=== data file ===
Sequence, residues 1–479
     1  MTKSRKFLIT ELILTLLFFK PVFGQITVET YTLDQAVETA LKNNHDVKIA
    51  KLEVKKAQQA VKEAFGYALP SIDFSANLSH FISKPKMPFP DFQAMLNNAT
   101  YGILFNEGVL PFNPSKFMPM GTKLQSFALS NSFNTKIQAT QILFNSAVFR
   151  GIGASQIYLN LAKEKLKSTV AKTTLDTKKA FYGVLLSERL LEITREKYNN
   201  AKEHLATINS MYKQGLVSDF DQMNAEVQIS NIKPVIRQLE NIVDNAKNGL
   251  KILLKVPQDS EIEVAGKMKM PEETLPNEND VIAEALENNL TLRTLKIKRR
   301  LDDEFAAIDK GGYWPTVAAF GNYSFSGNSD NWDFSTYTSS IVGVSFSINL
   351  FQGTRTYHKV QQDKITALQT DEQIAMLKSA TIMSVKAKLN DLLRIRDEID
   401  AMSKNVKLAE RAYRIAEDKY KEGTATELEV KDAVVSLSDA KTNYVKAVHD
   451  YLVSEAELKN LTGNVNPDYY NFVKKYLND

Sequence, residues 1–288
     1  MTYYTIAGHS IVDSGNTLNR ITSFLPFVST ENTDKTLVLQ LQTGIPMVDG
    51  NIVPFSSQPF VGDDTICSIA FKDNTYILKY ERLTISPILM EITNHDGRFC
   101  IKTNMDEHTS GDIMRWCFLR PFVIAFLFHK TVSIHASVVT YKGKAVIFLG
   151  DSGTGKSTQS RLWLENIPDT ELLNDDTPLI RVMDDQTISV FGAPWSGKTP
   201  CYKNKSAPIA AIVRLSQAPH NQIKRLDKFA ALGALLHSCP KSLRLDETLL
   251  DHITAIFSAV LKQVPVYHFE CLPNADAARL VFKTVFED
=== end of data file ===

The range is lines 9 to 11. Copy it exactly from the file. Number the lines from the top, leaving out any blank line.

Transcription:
   351  FQGTRTYHKV QQDKITALQT DEQIAMLKSA TIMSVKAKLN DLLRIRDEID
   401  AMSKNVKLAE RAYRIAEDKY KEGTATELEV KDAVVSLSDA KTNYVKAVHD
   451  YLVSEAELKN LTGNVNPDYY NFVKKYLND